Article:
As the racing season starts to ramp up, eyes are turning to last year’s First-Crop sires to see if their runners can continue on as 3-year-olds. There are over 300 stallions listed on Blood-Horse as having their first 3-year-olds this year but here are six in North America that the racing industry should have an eye on in 2016.
While Uncle Mo (Indian Charlie) set records in 2015 as the leading First-Crop sire and has the most 3-year-olds nominated to the Triple Crown of any sire, there are skeptics about how his 3-year-olds will train on this year. While the doubts make sense as a number of good first year sires haven’t had a lot of success in subsequent years and Uncle Mo wasn’t as brilliant as a 3-year-old as he was at 2, I personally don’t see any reason why his horses won’t step up this year. While not as brilliant as he was at 2 Uncle Mo himself was a good 3-year-old, even with his illness knocking him out for a decent chunk of the year, winning the Grade 2 Kelso and being only a nose away from winning a Grade 1 in his return to the track. As of Feb. 8, Uncle Mo leads the Second-Crop standings by earnings with $527,029, over $200,00 more than his nearest competitor, and is tied with Twirling Candy by winners with nine. In 2016, he took a large stud fee jump to $75,000 (approx. €66,844/£52,001).
Twirling Candy (Candy Ride) was one of the hot sires at the 2-year-old sales last year with an $186,000 average from 18 sold including a $630,000 filly and $500,000 colt, according to Thoroughbred Daily News. While he couldn’t keep up with Uncle Mo in the earnings department, $2.5-million behind that sire in progeny earnings, he did have only three less winners with 28 less runners so he held his own in that category. Twirling Candy did miss out on an important win category with zero stakes winners, the only stallion in the top nine not to have any stakes winners. In 2016, Twirling Candy is tied with Uncle Mo with nine winners as of Feb. 8 and has taken a $5,000 jump to a $15,000 (approx. €13,368/£10,400) stud fee for this year.
Somewhat of a surprising stallion in last year’s first crop rankings was Girolamo (A.P. Indy), who proved that he is a promising sire. The stallion, who spent his first two seasons at stud in New York, finished No. 3 on that list and had 19 winners from 44 runners (43.2 percent) with a stakes winner (who also finished third in a Grade 1) and four other stakes horses. Girolamo is a full brother to graded stakes winners Daydreaming and Accelerator and Supercharger, the dam of 2010 Kentucky Derby winner Super Saver. This year Girolamo has 150 foals of racing age with 63 2-year-olds of which 18 sold last year for an average of $68,728 and median of $67,560. That average was up over $20,000 and the median over $50,000 from his 29 yearlings sold in 2014. Girolamo stands for a stud fee of $15,000 in 2016, a $10,000 rise from his 2015 fee.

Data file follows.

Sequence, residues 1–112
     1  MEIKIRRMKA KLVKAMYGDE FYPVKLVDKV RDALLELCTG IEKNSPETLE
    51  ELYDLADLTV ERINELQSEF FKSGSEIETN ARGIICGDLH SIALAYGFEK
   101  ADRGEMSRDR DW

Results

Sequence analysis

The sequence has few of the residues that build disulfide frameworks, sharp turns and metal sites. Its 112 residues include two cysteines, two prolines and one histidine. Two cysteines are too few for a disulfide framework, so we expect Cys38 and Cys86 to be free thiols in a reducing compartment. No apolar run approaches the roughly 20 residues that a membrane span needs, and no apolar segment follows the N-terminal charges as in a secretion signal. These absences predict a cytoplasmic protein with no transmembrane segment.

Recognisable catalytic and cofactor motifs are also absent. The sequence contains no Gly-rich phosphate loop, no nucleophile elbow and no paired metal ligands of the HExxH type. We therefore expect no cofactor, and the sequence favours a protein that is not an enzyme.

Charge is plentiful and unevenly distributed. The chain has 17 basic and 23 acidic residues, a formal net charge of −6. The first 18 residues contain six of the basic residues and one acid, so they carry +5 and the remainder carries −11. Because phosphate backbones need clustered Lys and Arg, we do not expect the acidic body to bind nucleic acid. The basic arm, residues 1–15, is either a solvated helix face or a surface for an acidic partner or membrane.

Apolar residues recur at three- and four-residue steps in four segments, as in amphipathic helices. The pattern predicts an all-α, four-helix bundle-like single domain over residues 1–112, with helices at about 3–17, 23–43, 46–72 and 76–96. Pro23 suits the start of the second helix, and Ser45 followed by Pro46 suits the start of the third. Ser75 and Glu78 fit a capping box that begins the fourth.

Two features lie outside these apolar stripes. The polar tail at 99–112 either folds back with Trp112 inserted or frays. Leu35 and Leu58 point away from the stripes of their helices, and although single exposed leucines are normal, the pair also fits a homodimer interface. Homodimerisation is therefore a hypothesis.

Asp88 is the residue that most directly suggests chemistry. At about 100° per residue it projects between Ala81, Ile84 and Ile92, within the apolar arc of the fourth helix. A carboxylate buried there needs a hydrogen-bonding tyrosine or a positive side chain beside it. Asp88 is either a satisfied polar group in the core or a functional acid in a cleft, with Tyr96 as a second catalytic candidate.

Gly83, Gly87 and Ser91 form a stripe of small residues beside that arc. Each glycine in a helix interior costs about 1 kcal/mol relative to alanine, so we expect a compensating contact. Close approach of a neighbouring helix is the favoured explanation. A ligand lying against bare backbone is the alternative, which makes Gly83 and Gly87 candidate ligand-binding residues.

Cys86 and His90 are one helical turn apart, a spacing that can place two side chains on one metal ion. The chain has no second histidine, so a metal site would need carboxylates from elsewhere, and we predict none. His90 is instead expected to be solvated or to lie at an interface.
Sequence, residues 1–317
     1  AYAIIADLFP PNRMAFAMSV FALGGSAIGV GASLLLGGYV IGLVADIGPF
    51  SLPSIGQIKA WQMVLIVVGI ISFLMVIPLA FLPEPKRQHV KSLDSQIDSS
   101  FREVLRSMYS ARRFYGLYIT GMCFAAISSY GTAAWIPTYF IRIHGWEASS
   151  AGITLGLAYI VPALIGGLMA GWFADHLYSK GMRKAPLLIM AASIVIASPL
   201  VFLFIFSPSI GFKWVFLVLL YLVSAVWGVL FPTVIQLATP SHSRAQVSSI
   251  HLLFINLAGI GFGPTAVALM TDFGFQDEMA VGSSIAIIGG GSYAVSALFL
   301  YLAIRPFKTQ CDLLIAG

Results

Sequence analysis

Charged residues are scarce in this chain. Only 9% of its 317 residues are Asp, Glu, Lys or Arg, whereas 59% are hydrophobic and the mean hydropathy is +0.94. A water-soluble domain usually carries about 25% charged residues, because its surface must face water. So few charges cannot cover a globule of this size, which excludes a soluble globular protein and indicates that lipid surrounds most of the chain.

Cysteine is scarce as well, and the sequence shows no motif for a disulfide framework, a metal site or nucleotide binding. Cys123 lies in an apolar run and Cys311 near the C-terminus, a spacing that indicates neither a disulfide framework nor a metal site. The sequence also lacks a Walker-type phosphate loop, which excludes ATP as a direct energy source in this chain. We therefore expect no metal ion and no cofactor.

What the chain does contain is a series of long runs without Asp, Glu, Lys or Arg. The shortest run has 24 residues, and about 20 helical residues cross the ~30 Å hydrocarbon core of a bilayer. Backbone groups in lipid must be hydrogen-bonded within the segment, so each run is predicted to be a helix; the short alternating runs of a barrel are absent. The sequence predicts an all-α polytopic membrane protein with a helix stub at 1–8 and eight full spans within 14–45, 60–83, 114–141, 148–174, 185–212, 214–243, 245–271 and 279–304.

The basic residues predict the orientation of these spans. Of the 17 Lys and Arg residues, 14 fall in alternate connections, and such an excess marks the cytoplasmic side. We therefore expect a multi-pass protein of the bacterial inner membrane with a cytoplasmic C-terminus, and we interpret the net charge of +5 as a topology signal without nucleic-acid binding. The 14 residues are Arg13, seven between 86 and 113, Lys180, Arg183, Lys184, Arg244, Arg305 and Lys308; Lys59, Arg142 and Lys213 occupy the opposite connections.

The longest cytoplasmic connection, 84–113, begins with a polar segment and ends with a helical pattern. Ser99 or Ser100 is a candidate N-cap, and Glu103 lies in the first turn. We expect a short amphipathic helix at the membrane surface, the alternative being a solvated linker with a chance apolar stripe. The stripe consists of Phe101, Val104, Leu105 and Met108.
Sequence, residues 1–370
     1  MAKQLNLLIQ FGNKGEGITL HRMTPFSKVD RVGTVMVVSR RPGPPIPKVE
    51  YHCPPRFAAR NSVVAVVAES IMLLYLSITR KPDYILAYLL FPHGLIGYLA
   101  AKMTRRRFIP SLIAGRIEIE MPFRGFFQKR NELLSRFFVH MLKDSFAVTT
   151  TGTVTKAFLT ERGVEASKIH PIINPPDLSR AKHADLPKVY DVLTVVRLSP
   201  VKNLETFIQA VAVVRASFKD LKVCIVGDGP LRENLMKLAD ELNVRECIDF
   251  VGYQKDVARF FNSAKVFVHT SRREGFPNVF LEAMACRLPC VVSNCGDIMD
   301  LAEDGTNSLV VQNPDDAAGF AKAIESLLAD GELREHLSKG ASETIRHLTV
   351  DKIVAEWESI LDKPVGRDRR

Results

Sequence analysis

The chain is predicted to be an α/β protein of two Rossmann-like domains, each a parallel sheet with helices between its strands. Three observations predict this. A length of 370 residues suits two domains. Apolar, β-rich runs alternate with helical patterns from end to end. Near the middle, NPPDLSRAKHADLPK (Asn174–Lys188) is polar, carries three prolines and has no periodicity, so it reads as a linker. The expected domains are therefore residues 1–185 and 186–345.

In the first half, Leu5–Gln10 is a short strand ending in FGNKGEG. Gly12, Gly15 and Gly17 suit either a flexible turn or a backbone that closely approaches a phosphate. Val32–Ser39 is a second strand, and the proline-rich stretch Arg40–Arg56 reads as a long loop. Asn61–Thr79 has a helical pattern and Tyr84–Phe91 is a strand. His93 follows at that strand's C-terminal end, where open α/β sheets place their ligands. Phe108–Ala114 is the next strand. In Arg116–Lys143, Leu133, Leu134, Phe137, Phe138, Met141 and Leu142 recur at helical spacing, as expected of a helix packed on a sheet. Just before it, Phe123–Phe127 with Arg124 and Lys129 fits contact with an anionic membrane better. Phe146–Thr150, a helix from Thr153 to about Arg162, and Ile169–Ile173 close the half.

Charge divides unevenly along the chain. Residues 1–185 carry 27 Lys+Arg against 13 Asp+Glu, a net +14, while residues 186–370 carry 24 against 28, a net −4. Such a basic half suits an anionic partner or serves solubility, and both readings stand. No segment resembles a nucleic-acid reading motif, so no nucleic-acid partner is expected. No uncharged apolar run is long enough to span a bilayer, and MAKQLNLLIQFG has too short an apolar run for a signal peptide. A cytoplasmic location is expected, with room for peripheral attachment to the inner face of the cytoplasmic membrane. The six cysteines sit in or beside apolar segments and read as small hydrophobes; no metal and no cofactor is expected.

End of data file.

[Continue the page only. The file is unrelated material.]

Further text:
The sire of Kentucky Derby hopeful Cherry Wine, Paddy O’Prado (El Prado) had 15 winners in his first crop. Of that, three horses win or placed in stakes races led by Above Fashion. Paddy O’Prado himself didn’t win at two (although he did place in the Grade 2 With Anticipation) but won four graded stakes at three including a Grade 1 so it won’t be surprising to see his runners performing better this year. Paddy O’Prado has had large crops in his first two years with 106 2-year-olds last year and 123 this year so he definitely has the numbers to support him in his first years at stud. He’s standing for $5,000 (approx. €4,456/£3,466) in 2016, a drop from the $9,500 (approx. €8,467/£6,586) he was at in 2015.
A Grade 1 winner by Speightstown, Haynesfield had 11 winners last year with one of his runners winning three stakes races. While not putting up flashy numbers in 2015, the stallion is off to a solid start early this year with seven of his 24 runners (29 percent) already winning at least one race as of Feb. 8. As with all of the stallions Airdrie Stud stands, Haynesfield has the farm’s powerful broodmare band behind him to give him added support. While Haynesfield won a stakes race at 2, his best running arguably started late in his 3-year-old year and with the stallion winning his first graded stakes in late November and getting a Grade 1 win as a 4-year-old. If that’s any indication of his runners’ path of progression, the best is yet to come for him. He stands for $10,000 (approx. €8,912/£6,933) this year, the same fee he’s stood at since he retired.
A dark horse this year may be Florida’s Big Drama (Montbrook), the winner of the 2010 Grade 1 Breeders’ Cup Sprint. A stakes winner every year of his career, from limited foals to race he seems to be succeeding in this avenue too. Last year he finished seventh in the First-Crop rankings with 13 winners from 35 runners for $797,010 in earnings including Affirmed Stakes winner Tribal Drama. He was ranked No. 18 on both the Florida and Southeast lists and this year sits 13th on both lists as of Feb. 8. Even though the stallion only had one stakes winner last year, he had five other horses place in stakes races, giving him 15.4 percent blacktype earners from starters. He is off to a slow start this year with just one winner from 22 starters but has 41 2-year-olds revving up for their first starts later this year. At a fee of $15,000, he is currently the most expensive stallion in Florida.